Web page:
V E R Y long post.
IMG_2588 IMG_2587 IMG_2585 IMG_2584 IMG_2583 IMG_2582 IMG_2581 IMG_2580 IMG_2578

in the Spirit of things

I am doing lots of repetitive things in the making of this shibori ribbon.  Lots of measuring, counting, winding, ironing and pot stirring.  Waiting for pots to heat up, things to cool off, dry up, unwind.  In the in-betweens and during the repetition I have time to think. And wonder.

People often ask me things at workshops like “What kind of brush do you use”  or, “what brand of “x” do you buy?”  I try to answer the best I can but really it’s not about these things.  It’s more about your commitment to what you are doing, the time you devote to it, your willingness to repeat something over and over than to anything else.  Take my brushes for example:

brushesThey are simple, basic and acquired over time.  Some are repaired, most not very expensive. But it’s more about HOW I use them and how they’ve become part of my daily routine.  I get used to these simple tools and I like things that last- especially under the duress of the dye studio.  Most of these are made by hand and the maker has also taken care and added their skill to the process.

This past month two of the family cars have been sent to the scrap yard.  They were each around 30 years old.  I really hated to see them go. They have served us well -one was already a salvage vehicle when we acquired it over 10 years ago. We got an additional 10 years out of it!   But we were faithful and repaired them many many times. I seemed a shame to not!  They were replaced by two *new* cars 5 years younger. I saved a memento…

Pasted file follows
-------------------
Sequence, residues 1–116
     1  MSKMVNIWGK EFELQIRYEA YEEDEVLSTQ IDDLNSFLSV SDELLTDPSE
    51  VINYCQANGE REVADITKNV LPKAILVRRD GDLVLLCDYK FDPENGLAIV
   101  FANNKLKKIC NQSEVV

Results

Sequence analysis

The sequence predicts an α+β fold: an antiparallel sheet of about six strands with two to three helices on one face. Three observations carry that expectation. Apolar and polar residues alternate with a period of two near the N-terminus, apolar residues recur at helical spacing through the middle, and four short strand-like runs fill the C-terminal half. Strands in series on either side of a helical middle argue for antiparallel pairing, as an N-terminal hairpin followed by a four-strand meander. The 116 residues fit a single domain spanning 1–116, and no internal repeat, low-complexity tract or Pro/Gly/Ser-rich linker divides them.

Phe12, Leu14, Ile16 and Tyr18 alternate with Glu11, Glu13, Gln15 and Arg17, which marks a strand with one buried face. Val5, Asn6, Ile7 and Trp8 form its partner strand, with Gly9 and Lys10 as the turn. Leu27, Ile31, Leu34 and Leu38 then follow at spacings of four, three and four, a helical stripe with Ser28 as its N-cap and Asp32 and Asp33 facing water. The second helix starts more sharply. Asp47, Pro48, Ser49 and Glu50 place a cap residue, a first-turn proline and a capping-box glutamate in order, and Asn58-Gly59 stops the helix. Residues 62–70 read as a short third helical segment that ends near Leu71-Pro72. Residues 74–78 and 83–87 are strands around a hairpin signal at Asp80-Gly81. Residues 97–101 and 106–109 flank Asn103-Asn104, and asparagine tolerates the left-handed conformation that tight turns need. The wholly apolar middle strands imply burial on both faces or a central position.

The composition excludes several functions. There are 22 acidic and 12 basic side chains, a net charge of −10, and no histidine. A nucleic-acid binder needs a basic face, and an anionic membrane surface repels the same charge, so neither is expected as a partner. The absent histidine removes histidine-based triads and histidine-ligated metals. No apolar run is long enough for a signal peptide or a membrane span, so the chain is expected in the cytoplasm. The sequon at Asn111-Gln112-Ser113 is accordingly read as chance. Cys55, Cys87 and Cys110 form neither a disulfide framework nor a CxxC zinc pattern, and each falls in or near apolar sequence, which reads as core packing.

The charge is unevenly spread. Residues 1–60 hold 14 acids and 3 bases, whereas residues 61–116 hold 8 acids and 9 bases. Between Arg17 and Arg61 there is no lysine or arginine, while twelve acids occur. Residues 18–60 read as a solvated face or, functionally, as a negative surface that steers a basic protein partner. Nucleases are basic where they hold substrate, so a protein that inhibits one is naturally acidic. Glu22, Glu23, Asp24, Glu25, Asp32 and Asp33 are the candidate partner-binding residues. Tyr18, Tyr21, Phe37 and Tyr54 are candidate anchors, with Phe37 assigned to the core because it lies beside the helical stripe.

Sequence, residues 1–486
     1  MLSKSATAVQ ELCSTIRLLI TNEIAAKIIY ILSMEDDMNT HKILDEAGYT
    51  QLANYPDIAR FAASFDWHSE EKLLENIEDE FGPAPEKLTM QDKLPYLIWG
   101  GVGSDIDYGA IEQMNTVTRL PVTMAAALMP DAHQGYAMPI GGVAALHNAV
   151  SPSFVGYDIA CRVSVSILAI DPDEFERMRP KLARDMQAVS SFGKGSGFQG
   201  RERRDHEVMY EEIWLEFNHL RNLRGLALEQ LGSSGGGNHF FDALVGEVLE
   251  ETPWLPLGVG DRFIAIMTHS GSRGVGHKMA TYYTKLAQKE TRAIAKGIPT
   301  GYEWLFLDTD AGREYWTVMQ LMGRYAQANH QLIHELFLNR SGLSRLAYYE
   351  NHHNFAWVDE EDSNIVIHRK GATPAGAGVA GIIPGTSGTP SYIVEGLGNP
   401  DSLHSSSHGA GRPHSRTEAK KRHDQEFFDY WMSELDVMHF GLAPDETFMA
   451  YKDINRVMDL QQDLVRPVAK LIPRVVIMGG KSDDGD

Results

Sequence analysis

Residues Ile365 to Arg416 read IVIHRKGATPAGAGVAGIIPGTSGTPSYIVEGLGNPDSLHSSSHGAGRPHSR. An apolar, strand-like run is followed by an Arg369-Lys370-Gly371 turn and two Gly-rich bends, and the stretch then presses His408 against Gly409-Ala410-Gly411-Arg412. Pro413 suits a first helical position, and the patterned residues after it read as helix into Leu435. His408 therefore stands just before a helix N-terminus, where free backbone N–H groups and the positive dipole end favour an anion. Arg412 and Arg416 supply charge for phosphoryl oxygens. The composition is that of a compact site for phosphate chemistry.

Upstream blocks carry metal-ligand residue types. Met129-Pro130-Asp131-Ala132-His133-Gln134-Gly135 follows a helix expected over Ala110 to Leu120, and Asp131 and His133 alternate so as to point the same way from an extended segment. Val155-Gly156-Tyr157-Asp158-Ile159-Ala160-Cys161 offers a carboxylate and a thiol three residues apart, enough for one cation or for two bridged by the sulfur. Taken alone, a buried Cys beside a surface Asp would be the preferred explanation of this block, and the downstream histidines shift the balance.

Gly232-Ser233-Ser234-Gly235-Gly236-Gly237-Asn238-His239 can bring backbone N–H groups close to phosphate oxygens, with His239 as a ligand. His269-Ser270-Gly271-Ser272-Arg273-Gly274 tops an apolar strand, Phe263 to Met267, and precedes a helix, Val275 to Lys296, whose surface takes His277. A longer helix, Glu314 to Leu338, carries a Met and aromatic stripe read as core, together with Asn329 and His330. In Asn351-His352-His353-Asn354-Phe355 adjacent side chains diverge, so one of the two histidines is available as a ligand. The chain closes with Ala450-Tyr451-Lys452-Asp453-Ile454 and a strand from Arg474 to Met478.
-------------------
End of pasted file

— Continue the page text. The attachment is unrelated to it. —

*volvo
Looking around the other night while folks were in the back studio rehearsing my eyes settled on this-

reel to reelYou might remember these from some time ago.  I was actually thrilled when my son fell in love with this.  It works and he has used it here and there.  As a recording engineer, I think he wanted to recreate the fidelity of past recordings in some of his current work.  It gave me the chance to tell him about how my dad had one of these at home and how I learned to splice tape back in high school for a “video” project I did about the Kent State killings and the Vietnam War.  Must have been around ’74-’75.  I made a slide presentation of images I collected from books, newspapers, drawings I had done etc. and had made into slides. To this I set music, radio news recordings and overdubbed my voice recorded on a Sony reel to reel.  I didn’t think it was really a big deal as I had watched my dad put together such things many times but when I presented it in class apparently, it was a big deal.  I wonder who owned this machine in the past? I hate it when useful things become obsolete.  I like it when folks find a way to use the obsolete.